Yamashita’s Treasure is so-called because it is associated with the Japanese WWII General Tomoyuki Yamashita, whose troops stole unpredecented amounts of gold from their neighboring countries during the war. After Japan had been subdued by Allied troops to end the war, the gold mysteriously vanished. Rumor has it that Japanese troops had hidden their stolen treasures in various caves and tunnels in the Phillipines, but they never managed to return and ship it back to Japan.
One man, Rogelio Roxas, claims to have found some of the treasure only to have it stolen from him by Philipino President Ferdinand Marcos.
Yamashita’s Gold – Eyewitness Reveals Truth Of Fabulous WWII Hidden Treasure
In the closing months of World War II, in the Philippines, several of Japan’s highest ranking imperial princes hid tons of looted gold bullion and other stolen treasure in caves and tunnels, to recover later. This was the wealth of 12 Asian countries, accumulated over thousands of years.
Expert teams accompanying Japan’s armed forces had systematically emptied treasuries, banks, factories, private homes, pawn shops, art galleries, and stripped ordinary people, while Japan’s top gangsters looted Asia’s underworld and its black economy.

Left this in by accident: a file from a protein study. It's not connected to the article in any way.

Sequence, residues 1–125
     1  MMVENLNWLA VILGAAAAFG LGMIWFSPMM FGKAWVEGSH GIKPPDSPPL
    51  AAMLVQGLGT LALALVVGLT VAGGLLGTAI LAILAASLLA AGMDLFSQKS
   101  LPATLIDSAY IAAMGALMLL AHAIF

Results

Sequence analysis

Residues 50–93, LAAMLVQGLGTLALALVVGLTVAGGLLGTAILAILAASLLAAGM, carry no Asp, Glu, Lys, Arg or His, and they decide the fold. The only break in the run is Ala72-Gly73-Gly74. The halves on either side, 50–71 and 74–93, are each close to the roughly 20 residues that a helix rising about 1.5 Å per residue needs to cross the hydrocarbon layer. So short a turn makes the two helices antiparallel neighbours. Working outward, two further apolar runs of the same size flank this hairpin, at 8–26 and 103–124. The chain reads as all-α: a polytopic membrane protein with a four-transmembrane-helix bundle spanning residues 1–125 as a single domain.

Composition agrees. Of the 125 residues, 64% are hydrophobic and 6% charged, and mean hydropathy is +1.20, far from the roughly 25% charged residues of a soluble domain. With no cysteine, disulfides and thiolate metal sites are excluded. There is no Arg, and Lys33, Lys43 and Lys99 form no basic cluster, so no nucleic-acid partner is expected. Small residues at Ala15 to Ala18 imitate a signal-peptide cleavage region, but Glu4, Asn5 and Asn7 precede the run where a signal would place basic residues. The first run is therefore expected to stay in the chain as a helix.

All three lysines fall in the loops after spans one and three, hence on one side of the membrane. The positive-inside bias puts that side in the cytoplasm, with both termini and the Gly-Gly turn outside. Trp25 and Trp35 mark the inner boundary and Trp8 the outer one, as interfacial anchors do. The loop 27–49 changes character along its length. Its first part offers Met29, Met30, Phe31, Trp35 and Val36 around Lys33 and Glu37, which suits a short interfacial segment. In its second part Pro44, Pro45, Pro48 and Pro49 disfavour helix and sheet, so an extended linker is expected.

There were 175 ”imperial” treasure sites hidden throughout the Philippines. When American tanks were close, the chief engineers of those vaults were given a farewell party 67 metres underground in Tunnel 8 in the mountains of Luzon, stacked with row after row of gold bars. As the evening progressed, they drank great quantities of sake, sang patriotic songs and shouted banzai (long life).
At midnight, General Yamashita Tomoyuki and the princes slipped out, and dynamite charges were set off in the access tunnels, entombing the engineers. Their vaults would remain secret. The princes escaped to Tokyo by submarine, and three months later General Yamashita surrendered to American troops. Japan had lost the war militarily, but the princes made certain Japan did not lose financially.
This grisly event has remained unknown until now, and the hidden treasure was brushed off as a fanciful legend of ”Yamashita’s Gold”. But an eyewitness to the entombment has taken us there and given us his personal account. During the war, Ben Valmores was the young Filipino valet of a senior prince, who was in charge of closing all imperial treasure sites in the Philippines. A sometimes sentimental man, the prince spared Ben’s life and led him out of Tunnel 8 just before the dynamite was detonated. Read more..